Abhayagiri Monastery Complex
Sri Lanka, Anuradhapura (town)

The Abhayagiri Monastery Complex is located in Sri Lanka, in the ancient city of Anuradhapura, which was included in the UNESCO World Heritage List in 1982. The monastery traces its history back to the 1st century BC. According to legend, the Sinhalese king Valagamba, dethroned by the Tamils, promised that if he defeated the invaders, he would build a majestic Buddhist monastery near his capital. In 89 BC, the monarch returned the throne, and, keeping his word, on Mount Fearlessness (Abhayagiri) he erected a huge stupa (dagoba) of Abhayagiri - its height was initially 122 meters, today - 75 meters. 12 monastery buildings were built around the dagoba. The monastery enjoyed the patronage of the Sinhalese kings, and during the reign of Gajabuhu it was significantly expanded and acquired great influence. The Abhayagiri Monastery became a haven for heretical Buddhist monks - followers of the Mahayana and Vajrayana teachings, in contrast to Theravada, who interpreted the canons of Buddhism more freely. Abhayagiri was considered the stronghold of Mahayanism in Sri Lanka and was a religious opponent of the Maha Vihara monastery, which preached traditional Buddhism. The beginning of the "Golden Age" of the Abhayagiri monastery dates back to the 3rd century - the time of the reign of King Mahasena, who ended the rivalry between the two monasteries by demolishing the Maha Vihara. At the peak of the monastery’s heyday, more than 5,000 monks lived in it; the area occupied by Abhayagiri exceeded 200 hectares. The central place was occupied by the Abhayagiri dagoba; opposite the entrance to it was the Sannipatasala assembly hall. The Buddha Hall, richly decorated with gold and silver, was a repository for the Jade Buddha, literally strewn with precious stones. The residential complex consisted of five two-story buildings equipped with water supply and sewerage. The monastery had a huge library and its own educational institution, where novices were trained. Temples, stupas, pavilions, a huge refectory, a bathhouse, Kuttam Pokuna stone ponds (twin ponds) used by monks for ablutions, guard stones, the famous Moonstone from the Mahasena Palace, as well as a stone statue of Samadhi Buddha made in the 5th century - an incomplete list property of the Abhayagiri monastery. After the capital was moved from Anuradhapura to Polonnaruwa, the monastery lost royal support, and in the 12th century, under King Parkambahu, persecution began against Mahayana adherents, the monks were expelled from Abhayagiri, and the monastery was abandoned. Time destroyed, and vandals plundered the once prosperous monastery, gradually Abhayagiri was swallowed up by the jungle, and for many centuries the monastery was forgotten. Only in 1880 its ruins were discovered by archaeologists. Many monastic buildings were excavated, and the Abhayagiri dagoba was completely restored. Currently, the Abhayagiri Monastery is a place of pilgrimage for Buddhists, a historical, archaeological and tourist attraction of world significance.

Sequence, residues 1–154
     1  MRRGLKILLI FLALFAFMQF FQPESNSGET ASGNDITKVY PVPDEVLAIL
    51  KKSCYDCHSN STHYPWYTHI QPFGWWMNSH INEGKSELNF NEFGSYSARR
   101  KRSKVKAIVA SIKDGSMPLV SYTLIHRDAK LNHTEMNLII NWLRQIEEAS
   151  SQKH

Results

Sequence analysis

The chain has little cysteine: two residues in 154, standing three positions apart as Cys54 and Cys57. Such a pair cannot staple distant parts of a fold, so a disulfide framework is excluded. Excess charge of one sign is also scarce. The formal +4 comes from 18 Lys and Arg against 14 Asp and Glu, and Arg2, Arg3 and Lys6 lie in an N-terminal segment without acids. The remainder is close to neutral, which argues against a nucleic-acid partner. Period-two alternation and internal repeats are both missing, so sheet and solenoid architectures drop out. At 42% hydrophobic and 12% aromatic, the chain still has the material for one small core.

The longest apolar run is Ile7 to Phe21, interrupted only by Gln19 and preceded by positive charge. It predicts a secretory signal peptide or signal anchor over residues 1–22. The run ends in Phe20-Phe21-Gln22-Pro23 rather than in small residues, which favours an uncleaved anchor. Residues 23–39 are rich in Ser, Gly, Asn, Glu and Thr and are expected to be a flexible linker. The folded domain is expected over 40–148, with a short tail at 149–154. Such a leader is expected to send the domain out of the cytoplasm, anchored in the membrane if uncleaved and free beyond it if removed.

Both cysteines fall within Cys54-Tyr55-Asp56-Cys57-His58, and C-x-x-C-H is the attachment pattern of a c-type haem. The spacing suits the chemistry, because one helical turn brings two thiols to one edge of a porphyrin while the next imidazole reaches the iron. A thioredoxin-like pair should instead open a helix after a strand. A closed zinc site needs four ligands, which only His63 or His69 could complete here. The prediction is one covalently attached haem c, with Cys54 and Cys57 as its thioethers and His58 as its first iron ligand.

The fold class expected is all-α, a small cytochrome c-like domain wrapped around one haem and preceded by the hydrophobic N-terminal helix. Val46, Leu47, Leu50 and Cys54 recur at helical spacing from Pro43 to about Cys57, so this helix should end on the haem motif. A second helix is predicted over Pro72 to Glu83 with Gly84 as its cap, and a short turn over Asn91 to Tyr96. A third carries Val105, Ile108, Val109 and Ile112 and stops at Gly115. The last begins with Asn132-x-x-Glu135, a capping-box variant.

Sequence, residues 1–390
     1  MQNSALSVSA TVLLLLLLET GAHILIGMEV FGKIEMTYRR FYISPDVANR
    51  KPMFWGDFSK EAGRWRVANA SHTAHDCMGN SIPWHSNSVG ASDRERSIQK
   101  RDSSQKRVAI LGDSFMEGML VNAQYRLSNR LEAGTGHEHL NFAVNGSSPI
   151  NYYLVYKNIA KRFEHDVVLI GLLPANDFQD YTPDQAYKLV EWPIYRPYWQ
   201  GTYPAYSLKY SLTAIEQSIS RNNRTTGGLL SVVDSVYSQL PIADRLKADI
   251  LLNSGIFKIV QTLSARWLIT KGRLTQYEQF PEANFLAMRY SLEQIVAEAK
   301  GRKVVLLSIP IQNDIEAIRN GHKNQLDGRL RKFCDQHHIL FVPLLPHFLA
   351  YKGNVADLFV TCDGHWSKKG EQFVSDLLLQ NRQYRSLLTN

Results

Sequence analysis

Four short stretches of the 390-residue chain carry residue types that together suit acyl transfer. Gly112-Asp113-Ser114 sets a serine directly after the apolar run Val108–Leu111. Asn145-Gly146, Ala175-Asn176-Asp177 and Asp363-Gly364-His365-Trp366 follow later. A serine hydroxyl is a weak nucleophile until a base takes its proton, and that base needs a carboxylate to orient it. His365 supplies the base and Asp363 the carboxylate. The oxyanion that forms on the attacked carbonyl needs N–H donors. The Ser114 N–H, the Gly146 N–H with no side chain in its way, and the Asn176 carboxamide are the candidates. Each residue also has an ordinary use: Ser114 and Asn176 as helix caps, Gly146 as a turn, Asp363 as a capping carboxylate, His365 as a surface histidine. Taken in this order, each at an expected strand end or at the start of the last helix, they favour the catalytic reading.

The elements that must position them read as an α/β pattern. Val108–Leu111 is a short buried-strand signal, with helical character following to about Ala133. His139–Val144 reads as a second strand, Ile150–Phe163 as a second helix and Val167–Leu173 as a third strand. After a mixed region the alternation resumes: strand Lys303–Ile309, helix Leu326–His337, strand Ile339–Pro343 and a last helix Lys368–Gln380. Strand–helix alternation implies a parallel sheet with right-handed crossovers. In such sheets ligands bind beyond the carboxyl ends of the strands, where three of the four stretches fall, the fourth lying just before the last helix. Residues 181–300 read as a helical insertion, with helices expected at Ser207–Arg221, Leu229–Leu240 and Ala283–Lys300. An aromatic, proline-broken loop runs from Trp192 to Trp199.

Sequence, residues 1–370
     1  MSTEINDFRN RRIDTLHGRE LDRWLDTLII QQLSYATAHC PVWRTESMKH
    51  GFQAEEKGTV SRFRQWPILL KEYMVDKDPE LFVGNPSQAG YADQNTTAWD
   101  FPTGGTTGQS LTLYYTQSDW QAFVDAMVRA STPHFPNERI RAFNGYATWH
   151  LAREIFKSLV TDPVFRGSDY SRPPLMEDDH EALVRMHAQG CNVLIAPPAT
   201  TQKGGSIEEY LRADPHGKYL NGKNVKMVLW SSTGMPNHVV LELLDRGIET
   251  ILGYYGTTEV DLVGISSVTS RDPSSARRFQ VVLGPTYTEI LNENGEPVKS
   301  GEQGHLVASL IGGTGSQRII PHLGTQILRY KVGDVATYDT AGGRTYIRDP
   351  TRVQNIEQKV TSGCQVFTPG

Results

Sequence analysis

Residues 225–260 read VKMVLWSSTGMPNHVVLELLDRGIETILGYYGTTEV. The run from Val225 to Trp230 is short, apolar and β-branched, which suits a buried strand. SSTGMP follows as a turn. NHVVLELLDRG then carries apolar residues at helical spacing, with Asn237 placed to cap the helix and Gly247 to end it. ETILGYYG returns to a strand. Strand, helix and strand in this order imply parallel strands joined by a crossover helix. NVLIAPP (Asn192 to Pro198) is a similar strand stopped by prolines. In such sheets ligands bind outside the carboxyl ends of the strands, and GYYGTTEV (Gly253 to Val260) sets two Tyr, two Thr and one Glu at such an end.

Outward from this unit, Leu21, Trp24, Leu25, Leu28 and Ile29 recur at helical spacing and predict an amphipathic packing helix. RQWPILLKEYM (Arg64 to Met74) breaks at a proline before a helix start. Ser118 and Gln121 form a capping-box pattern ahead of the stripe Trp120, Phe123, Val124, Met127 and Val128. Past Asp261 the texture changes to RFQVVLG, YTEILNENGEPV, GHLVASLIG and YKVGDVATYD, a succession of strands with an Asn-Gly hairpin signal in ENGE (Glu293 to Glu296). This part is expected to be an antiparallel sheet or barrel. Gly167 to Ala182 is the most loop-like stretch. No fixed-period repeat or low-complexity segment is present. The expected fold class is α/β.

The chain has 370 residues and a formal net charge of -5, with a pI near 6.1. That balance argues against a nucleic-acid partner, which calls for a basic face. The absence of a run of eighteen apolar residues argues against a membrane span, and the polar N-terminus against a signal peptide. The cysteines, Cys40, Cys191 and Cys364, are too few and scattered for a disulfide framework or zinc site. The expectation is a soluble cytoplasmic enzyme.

Tourist Objects nearby
Dagoba Jetavanaramaya
Dagoba Jetavanaramaya
Statue of Samadhi Buddha
Statue of Samadhi Buddha
The Holy City of Anuradhapura
The Holy City of Anuradhapura
Kuttam Pokuna Pools (Twin Ponds)
Kuttam Pokuna Pools (Twin Ponds)
Related Tour Objects
Abbeys and Monasteries
Abbeys and Monasteries
Archaeological sites
Castle Acre Priory
Castle Acre Priory
Abbeys and Monasteries
Altun Ha - Water of the Rocks
Altun Ha - Water of the Rocks
Archaeological sites
Great Buddha Hall
Great Buddha Hall
Abbeys and Monasteries
Racci
Racci
Archaeological sites
Archaeological Site Ancient City of Sabrat
Archaeological Site Ancient City of Sabrat
Archaeological sites